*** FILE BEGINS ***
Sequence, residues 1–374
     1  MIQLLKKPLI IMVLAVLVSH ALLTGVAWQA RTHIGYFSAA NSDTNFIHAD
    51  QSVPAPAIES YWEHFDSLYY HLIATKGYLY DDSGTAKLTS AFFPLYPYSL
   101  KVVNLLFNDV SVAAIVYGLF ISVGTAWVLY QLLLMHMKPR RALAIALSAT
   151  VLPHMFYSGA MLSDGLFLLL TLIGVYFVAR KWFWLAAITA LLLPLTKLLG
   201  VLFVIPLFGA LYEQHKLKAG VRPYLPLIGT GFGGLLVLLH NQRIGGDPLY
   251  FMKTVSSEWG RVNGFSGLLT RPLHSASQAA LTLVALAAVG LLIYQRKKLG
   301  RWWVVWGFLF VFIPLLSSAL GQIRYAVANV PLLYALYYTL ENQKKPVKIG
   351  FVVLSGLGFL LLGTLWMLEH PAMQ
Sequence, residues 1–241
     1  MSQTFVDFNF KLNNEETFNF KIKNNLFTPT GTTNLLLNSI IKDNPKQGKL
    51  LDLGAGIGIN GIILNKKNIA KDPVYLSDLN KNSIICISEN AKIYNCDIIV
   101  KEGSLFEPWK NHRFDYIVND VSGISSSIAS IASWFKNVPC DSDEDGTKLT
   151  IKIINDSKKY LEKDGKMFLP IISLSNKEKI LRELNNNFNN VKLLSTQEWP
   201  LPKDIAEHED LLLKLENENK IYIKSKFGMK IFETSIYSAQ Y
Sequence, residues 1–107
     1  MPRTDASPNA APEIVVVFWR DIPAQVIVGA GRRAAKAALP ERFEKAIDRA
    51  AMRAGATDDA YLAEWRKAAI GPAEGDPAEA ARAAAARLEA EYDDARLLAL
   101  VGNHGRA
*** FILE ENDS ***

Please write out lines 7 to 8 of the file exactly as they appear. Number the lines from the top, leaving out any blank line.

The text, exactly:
   251  FMKTVSSEWG RVNGFSGLLT RPLHSASQAA LTLVALAAVG LLIYQRKKLG
   301  RWWVVWGFLF VFIPLLSSAL GQIRYAVANV PLLYALYYTL ENQKKPVKIG